By Emily Harrington
There are certain topics you remember from high school health class. It’s hard to forget when your teacher (the same man who taught you to parallel park in driver’s ed) said words like “vagina” and “penis.” Enter immature giggles. Or when the boys basketball coach taught you and your peers that every 28-days a woman has a period, what the reproductive organs look like and different forms of birth control and STDs. Awkward.
But there are a lot of holes in those lessons. I don’t remember a “birds and the bees”-type talk from my parents — thank goodness. But, I do remember sitting in health class looking at the graphic images displayed on the wall from the overhead projector. I remember the intense focus the teachers placed on how not to get pregnant. The teacher made it seem as though it would be so easy to get pregnant. But it’s really not as easy as it seems.
In our adventures to conception my husband and I have learned we really knew nothing about reproduction after all. For instance, we did not know:
- You can only get pregnant three or four days a month — only when the woman is ovulating. Did not know that!
- Sperm can live inside a woman for up to four days. No clue.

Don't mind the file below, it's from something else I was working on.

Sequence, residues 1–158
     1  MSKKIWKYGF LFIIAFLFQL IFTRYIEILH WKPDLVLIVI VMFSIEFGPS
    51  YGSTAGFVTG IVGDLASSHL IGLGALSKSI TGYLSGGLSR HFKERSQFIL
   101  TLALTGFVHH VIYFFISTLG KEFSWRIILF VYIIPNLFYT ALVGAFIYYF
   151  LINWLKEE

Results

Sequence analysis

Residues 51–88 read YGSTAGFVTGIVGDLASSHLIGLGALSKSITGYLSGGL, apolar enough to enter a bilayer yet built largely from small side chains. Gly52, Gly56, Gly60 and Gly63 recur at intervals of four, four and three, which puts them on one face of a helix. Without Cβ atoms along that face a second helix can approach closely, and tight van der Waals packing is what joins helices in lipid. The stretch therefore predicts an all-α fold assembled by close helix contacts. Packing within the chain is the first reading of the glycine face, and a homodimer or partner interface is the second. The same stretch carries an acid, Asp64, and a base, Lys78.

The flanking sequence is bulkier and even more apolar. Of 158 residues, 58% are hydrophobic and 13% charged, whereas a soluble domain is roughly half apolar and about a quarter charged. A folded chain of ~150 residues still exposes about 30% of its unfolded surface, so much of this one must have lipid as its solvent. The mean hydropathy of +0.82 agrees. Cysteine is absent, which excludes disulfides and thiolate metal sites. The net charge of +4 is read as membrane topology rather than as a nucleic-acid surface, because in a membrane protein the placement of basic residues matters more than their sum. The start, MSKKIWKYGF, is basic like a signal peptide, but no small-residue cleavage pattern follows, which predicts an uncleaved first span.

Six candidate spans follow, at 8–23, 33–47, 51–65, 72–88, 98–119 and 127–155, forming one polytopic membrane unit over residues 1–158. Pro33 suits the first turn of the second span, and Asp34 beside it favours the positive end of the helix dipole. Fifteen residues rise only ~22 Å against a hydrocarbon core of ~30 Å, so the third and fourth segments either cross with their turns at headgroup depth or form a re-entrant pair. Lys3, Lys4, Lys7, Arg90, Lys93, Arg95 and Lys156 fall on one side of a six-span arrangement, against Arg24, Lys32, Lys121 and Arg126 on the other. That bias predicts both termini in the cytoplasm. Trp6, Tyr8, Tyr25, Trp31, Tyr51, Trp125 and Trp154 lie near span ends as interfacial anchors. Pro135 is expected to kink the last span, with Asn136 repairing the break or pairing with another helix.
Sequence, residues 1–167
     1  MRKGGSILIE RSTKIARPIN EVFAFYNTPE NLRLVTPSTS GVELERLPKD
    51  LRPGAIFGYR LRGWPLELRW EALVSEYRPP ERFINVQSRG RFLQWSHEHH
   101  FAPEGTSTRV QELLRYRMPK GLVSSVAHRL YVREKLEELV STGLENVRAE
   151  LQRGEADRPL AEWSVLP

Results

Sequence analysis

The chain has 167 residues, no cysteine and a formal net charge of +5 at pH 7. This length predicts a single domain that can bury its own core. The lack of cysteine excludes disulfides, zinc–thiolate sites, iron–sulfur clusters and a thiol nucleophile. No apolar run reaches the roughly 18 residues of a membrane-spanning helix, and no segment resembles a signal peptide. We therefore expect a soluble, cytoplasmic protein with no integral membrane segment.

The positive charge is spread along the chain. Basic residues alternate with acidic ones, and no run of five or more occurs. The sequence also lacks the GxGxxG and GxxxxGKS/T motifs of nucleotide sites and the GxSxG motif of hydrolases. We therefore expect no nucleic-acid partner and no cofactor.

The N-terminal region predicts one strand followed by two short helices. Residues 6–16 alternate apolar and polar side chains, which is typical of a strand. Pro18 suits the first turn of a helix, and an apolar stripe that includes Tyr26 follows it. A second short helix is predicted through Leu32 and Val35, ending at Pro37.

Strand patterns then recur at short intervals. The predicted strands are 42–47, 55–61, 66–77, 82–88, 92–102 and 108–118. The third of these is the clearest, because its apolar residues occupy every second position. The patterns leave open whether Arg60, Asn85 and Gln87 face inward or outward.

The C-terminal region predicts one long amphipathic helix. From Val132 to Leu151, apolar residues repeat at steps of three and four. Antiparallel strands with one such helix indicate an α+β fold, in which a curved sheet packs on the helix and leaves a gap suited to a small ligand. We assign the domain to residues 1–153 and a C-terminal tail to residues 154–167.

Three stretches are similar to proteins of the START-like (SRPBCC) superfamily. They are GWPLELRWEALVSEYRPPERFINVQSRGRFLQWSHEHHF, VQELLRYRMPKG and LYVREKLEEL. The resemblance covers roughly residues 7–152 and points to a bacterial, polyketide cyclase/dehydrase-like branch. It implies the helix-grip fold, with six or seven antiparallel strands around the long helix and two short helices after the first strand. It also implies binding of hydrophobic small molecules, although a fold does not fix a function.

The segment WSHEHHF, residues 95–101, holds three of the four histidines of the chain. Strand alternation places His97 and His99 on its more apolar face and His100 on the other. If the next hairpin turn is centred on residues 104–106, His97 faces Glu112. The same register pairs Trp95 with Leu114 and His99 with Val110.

- Ovulation takes place approximately 11 to 21 days after the first day of your last period. I thought you could get pregnant right before and after your period.
- A menstrual period can occur even if ovulation has not occurred. Really?
- Ovulation can occur even if a menstrual period has not occurred. Could it be any more confusing?
I didn’t want to have to “try” to get pregnant. I didn’t want an app or an online calendar to track my fertile versus non-fertile days. Don’t even think about talking to me about testing my mucus levels. I just thought it would be easy. Wham, bam, preggo. It turns out that “not trying” has become trying. Fate doesn’t really determine if you become pregnant like I thought. It’s not in the stars; it’s much more grounded in science.
It never occurred to me that it would take time — and patience. At first I thought I wasn’t in a hurry; I wanted to take our time and enjoy the journey. But with every passing month our friends’ and families’ questions increase, and our own curiosity is peaked. If I don’t have a cocktail in my hand at a party or appear overtired— everyone wonders. Everyone is watching.
My husband and I are also wondering when I will become pregnant. I find myself asking my friends exactly how long it took them to get pregnant. Are we the norm?
Emily Harrington is a 28-year-old townie on the cusp of full-blown adulthood. She’s a wife still in the honeymoon stage and a mom of a borderline psychotic mini-Australian Shepherd. She has a full-time job in communications/marketing and a full-time life outside of work.